- Identifiers such as name, alias, postal address, online IP address, email address, account name, social security number, driver’s license number, passport number.
- Commercial information, including records of personal property, products or services purchased, obtained, or considered, or other purchasing or consuming histories or tendencies.
- Biometric information
- Internet or other electronic network activity information, including, but not limited to, browsing history, search history, and information regarding a consumer’s interaction with an Internet Web site, application, or advertisement.
- Geolocation data
- Audio, electronic, visual, thermal, olfactory, or similar information.
- Professional or employment-related information.
- Education information
- Inferences drawn from any personal information to create a profile about a consumer reflecting the consumer’s preferences, characteristics, psychological trends, preferences, predispositions, behavior, attitudes, intelligence, abilities, and aptitudes.
Happy New Year from California: an introduction to the CCPA data privacy law
In the summer of 2018, California passed the California Consumer Privacy Act (the CCPA), a landmark piece of legislation that represents the most comprehensive consumer data privacy law enacted in the United States to date.
The CCPA, which took effect on January 1 2020, affords California residents:
- The right to know whether businesses, such as online retailers and social media companies, are collecting “personal information” about them.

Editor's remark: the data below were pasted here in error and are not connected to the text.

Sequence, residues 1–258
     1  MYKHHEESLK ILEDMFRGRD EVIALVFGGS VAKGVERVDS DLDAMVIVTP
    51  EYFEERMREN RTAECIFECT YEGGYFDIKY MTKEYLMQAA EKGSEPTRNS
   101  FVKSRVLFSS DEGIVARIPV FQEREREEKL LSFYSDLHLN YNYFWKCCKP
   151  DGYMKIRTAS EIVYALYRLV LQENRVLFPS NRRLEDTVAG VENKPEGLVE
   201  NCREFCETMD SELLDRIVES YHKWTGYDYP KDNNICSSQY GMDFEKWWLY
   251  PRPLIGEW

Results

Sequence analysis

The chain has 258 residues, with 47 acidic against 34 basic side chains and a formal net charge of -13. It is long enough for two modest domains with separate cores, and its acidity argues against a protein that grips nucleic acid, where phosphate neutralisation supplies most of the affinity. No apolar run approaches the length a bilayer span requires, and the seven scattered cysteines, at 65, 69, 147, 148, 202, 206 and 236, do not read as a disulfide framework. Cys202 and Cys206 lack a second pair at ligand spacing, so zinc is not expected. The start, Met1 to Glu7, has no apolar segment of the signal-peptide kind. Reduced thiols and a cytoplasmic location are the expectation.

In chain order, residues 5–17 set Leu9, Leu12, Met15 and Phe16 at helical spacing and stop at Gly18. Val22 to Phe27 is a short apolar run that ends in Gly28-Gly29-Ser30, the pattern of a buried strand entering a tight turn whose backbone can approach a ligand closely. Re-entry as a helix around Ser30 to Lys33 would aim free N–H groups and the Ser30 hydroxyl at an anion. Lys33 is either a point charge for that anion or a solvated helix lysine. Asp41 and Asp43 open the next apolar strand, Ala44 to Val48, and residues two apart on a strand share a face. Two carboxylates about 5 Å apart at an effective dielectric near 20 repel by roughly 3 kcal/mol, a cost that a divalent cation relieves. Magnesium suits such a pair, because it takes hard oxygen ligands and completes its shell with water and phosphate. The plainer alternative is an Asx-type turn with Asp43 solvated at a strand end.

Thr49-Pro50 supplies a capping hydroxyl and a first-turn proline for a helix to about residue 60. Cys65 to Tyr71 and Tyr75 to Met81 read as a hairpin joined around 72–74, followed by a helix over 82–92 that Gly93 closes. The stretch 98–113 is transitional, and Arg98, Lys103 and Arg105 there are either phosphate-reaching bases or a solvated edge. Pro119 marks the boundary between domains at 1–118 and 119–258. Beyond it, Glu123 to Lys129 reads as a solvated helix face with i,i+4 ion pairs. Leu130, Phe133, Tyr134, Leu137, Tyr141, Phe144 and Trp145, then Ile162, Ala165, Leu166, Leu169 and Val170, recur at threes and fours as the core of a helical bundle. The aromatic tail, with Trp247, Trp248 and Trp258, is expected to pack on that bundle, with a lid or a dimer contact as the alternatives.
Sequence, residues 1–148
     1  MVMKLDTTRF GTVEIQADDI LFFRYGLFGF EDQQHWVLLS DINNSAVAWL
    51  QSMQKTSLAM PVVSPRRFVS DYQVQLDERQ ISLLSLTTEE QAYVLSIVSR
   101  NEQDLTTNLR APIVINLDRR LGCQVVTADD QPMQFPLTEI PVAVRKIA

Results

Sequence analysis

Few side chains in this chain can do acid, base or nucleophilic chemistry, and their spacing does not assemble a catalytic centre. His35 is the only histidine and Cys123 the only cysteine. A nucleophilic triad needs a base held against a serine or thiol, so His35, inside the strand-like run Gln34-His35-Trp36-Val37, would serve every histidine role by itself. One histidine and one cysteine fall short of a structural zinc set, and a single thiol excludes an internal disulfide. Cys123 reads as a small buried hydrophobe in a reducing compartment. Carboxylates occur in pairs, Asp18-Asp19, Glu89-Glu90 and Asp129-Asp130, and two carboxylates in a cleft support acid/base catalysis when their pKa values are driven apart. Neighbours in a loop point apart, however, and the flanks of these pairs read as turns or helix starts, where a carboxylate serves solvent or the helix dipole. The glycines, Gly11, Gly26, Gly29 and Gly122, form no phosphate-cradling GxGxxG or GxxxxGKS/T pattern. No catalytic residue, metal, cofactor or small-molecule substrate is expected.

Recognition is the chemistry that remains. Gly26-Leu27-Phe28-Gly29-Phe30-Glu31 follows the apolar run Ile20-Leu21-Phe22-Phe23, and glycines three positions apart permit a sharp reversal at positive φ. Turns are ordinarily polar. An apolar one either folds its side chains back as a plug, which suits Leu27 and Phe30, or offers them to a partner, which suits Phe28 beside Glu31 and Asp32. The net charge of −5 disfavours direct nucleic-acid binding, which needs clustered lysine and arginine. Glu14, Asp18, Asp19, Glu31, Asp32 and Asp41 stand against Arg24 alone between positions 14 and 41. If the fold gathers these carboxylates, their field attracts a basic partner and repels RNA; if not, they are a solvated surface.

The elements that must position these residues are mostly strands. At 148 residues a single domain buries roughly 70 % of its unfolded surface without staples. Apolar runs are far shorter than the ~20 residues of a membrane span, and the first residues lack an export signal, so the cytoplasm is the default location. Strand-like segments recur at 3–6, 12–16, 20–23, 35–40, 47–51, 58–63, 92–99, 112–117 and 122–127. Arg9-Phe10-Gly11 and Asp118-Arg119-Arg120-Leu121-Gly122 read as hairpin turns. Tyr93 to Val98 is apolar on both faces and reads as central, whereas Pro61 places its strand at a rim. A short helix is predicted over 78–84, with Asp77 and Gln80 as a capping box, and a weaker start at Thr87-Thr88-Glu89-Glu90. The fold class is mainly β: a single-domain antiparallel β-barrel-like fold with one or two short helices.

- The right to know precisely what type of information is being collected and be provided a copy of the same.
- The option to request that a business delete any personal information held.
- The right to opt-out of the sale of personal information.
These core consumer rights are described as the “the right to know” and “the right to say no” and are complimented by a number of other ancillary rights and obligations. There is some overlap between the CCPA and the European Union’s General Data Protection Regulation (GDPR) and companies that are now GDPR compliant will likely have an easier time implementing the policies required under the CCPA. However, the CCPA has highly specific requirements and qualifying businesses must ensure compliance given the public and private rights of action under the CCPA.
Businesses governed by the CCPA
The CCPA applies to for-profit companies that do business in California, collect consumer personal information, and satisfy any one of the three following thresholds:
- Has annual gross revenues exceeding $25,000,000;
- Receives, buys, sells or shares for commercial purposes the personal information of 50,000 or more consumers, households, or devices
- Derives at least 50% of its annual revenues from the sale of consumers’ personal information.
While “doing business” (in California] is not defined in the CCPA, the act is focused on the protection of California residents’ personal information, not the physical location of the business in question; accordingly, companies that collect the personal information of California residents should ensure compliance even if they do not have a physical presence in California.